Every so often I pull up short, stop in the middle of writing, completely exasperated. Why? Because, come on! People aren’t supposed to kill each other. They’re supposed to behave better than that. So what is this character in my book even thinking? It’s a good question, and one I’d better find answers for if my villain is going to be believable.
I write cozy mysteries – the kind of mysteries that are gore-free. That doesn’t mean blood and guts don’t happen, just that they happen off stage or in spare detail. Guns and knives are fine. Poison is good. Suffocation. Asphyxiation. Blunt instruments, too. When it comes to methods for murdering, my villains are resourceful. Their resourcefulness doesn’t seem to bother me; that they cross a line and make the decision to kill does.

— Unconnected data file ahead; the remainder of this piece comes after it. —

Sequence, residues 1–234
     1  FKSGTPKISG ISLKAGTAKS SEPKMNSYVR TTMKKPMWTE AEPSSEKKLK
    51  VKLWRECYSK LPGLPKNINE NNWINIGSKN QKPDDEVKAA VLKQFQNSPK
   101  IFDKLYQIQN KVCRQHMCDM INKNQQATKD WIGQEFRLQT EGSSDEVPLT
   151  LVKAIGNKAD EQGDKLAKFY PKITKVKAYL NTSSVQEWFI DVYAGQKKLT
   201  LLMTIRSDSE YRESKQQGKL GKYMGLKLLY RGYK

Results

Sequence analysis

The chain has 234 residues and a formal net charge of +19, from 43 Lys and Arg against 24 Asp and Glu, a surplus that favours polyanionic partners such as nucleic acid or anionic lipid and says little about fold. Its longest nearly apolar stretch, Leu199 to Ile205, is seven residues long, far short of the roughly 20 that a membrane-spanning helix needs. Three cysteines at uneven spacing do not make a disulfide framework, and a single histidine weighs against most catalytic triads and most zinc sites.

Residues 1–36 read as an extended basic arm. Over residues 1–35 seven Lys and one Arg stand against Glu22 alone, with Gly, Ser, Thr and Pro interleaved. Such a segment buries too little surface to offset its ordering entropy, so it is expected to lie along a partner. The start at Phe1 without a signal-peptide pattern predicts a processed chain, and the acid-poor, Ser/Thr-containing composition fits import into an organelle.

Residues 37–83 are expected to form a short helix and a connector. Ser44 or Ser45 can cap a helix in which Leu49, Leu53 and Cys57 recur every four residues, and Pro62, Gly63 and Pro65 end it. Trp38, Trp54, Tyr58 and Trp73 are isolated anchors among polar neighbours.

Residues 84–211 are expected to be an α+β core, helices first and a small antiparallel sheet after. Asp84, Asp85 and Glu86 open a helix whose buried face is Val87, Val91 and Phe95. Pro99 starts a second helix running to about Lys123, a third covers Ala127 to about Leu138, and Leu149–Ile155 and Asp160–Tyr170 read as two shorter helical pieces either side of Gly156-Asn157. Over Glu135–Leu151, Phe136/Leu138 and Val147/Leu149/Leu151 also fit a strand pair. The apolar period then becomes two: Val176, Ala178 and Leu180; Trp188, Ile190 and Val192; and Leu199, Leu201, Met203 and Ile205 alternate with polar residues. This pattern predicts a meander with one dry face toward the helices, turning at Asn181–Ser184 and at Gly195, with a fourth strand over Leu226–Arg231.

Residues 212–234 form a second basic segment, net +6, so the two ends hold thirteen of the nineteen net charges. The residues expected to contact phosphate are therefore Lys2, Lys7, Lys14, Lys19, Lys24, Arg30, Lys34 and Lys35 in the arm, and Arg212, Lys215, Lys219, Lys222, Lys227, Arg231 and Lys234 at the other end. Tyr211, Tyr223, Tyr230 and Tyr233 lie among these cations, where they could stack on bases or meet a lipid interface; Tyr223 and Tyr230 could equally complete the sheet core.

Here’s a list called “Why People Might Want to Kill” from my files. The list isn’t exhaustive.
Victim who can’t take it anymore
Someone inarticulate with anger
To get at someone
Protect a secret
Protect someone else
Identifying why my villain might want to kill gives me an opening, a point of exploration. I can pretend my writing room is a psychoanalyst’s office and invite the villain to lie down on the sofa and tell me all about it.
“Tell me, V, what brought the situation to this point where you want to kill?”
“What problem is so difficult for you, V, that murder is the best way to solve it?”
“So then, what is it, V, that pushes you past the point where you want to kill and into the abyss where you do kill?”
The answers to those questions let me slip into my villain’s mind and root around for more points of exploration. It’s an interesting process, but in the end a sad one. People are supposed to behave better, but so often they don’t. At least in mysteries, especially cozy mysteries, we get to correct the wrongs and set the world right again.
What makes the villains in your mysteries tick?